time to read the writing on the wall

milton

How is this for a dream job? Boring work, lots of travel to uninteresting box buildings located in bland office parks, pay that’s not competitive, poor benefits, long hours and uncomfortable, privacy-obliterating cubicles.  Sounds awful, doesn’t it?  Piling on further, though, let’s throw in a few broken promises for promotions and raises.  Top it all off with a boss who dislikes you.  He doesn’t invite you in his office, he doesn’t ask you to meetings and routinely complains about your work to you and your co-workers.  I can’t imagine a scenario that would be much more dehumanizing, but what’s truly depressing about it is how so many people endure this office-of-horrors for weeks, months or years without trying to change it.

I’m not talking about leaving corporate life for a blissful career as a social media guru or cheerful organic tomato farmer. I’m not talking about stalking through the cube farm with an AK as a solution, either.  I see people lower their heads and return glumly to work after being dismissed, humiliated and almost broken every day.  I tend to get a lot of miserable employees complaining to me about their situations (since I’m not an employee, I’m “safe” to talk to).  When the picture gets as grim as described above, the conversation almost always plays out like one of those dream sequences in which you watch the monster running towards you, but your feet remain planted in concrete – something terrible is coming, but it’s inescapable:

Droopy: “I hate my job, I hate everything about it.”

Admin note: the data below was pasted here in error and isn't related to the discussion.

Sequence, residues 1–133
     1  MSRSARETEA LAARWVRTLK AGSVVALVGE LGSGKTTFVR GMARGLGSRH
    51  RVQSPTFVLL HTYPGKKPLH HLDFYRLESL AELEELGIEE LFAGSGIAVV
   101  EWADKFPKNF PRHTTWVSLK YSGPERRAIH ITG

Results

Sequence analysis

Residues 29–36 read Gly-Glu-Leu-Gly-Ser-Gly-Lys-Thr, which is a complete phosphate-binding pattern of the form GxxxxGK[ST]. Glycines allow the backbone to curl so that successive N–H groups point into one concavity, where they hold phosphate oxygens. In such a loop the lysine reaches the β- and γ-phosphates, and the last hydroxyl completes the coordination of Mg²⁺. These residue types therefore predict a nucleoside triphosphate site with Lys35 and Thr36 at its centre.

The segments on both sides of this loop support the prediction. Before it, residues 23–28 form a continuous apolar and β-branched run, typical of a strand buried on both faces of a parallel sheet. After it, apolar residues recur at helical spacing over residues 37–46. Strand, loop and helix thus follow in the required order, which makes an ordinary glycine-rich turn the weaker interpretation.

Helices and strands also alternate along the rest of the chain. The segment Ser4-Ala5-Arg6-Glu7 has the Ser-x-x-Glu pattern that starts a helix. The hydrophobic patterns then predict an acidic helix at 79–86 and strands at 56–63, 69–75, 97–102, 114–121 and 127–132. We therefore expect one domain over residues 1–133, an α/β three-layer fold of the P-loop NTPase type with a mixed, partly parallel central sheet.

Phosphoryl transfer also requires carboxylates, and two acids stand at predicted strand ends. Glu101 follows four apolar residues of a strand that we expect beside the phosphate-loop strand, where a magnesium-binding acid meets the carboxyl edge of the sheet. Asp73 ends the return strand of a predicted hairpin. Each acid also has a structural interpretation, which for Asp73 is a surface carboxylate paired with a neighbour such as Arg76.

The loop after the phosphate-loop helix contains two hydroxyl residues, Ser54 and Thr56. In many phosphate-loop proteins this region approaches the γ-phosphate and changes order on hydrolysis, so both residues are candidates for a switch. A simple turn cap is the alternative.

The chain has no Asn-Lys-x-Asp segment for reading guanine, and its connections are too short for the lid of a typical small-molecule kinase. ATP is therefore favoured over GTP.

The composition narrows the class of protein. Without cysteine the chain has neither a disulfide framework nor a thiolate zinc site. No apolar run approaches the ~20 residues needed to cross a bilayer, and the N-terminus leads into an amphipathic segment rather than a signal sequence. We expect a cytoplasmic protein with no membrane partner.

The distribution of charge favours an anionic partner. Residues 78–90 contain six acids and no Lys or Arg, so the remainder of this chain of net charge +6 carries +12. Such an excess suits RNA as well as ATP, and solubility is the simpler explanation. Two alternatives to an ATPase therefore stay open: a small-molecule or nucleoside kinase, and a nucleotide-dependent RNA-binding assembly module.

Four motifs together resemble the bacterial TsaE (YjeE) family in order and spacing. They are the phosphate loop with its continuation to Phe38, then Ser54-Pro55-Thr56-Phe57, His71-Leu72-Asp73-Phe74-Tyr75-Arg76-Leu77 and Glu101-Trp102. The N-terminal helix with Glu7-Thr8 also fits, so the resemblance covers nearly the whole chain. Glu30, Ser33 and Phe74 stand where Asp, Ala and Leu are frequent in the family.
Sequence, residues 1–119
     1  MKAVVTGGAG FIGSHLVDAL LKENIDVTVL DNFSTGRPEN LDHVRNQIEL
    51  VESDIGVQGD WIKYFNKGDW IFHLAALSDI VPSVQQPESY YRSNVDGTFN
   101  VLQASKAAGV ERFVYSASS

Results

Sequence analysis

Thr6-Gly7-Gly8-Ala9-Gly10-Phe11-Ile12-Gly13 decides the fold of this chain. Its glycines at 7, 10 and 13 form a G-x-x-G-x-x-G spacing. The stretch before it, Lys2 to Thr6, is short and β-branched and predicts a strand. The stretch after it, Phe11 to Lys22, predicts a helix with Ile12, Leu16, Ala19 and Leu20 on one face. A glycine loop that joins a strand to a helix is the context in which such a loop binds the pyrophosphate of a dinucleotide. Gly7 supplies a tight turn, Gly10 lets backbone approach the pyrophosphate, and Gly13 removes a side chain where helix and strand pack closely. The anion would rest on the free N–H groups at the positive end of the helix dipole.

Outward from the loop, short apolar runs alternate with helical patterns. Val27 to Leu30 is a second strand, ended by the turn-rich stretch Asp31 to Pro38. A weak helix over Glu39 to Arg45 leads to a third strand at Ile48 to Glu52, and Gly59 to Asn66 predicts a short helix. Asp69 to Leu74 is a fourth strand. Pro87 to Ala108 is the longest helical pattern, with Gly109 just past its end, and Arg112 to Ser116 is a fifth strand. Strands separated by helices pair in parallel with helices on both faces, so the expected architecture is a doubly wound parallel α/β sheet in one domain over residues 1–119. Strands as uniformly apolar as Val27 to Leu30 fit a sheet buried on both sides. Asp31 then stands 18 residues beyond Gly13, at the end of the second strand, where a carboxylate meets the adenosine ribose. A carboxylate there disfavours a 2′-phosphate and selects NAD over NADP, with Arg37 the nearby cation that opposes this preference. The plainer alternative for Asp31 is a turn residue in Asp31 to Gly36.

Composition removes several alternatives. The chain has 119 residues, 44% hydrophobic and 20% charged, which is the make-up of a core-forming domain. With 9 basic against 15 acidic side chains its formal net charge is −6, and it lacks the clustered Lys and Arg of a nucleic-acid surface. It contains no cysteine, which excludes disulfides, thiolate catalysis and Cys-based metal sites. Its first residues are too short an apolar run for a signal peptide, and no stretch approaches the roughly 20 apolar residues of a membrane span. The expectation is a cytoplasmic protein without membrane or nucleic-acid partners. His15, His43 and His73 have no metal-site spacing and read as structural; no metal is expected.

Me: “Too bad.  You can’t transfer or anything like that?”
Droopy:  “No, I’d need help from my boss.”
Me: “Well, life is short and it’s not worth putting up with a situation like this forever.  Maybe you should think about quitting.”
Droopy: “No!  The economy is terrible!  Plus I have a mortgage/2.3 kids/credit card debt/a new car payment/etc.”
Me: “Yeah, but since you’ve been looking for a new job for a while, you’re bound to have some leads…”
Droopy: “I’ve been MEANING to start looking, but I’m just so busy – plus it’s hard to interview, my resume is outdated, I have this big project here…”
Me: “You hate your job, your boss hates you, you have no future and in all likelihood you’ll be the first head on a platter when the layoffs come… and you aren’t actively looking for a new job?”
Droopy: “But nobody’s hiring!”
Me: “Nobody’s breaking into your home at night while you’re watching American Idol and offering you a job, if that’s what you mean.”

Why is it that people wait for a good time to look for new work? Why, if you were in a terrible job like the one I’ve described above, would you worry about how “difficult” it might be to sneak away for an interview?  Why would you give a second’s thought to trying to stick it out?

I suppose an optimistic person might hope for their boss to quit and Sandra Bullock to swoop in and become the chirpy, best-buddy boss in a romantic comedy.
Yep.  That happens almost everyday, according to the movies.  When I see employees stuck in a dead end job, I feel badly.  I try to help by offering advice or encouragement.  When I see the same employee sit on their hands month after month without looking for a new job – but talking on the phone about last night’s episode of CSI – I want to knock the stupid out of them.

If you aren’t keeping a What-I-Done-Did file, start now
.  Update your resume.  Sign up for LinkedIn.  Get on Twitter (and yes, I’m getting as tired as everyone else of Twitter but hey, if you can’t beat ’em…).  And most importantly, start looking!  One of the worst feelings you can have related to your career is a sense of powerlessness – a lack of choice.  If nothing else, a job search gives you back a tiny bit of control and forcefeeds a drop of hope into your system.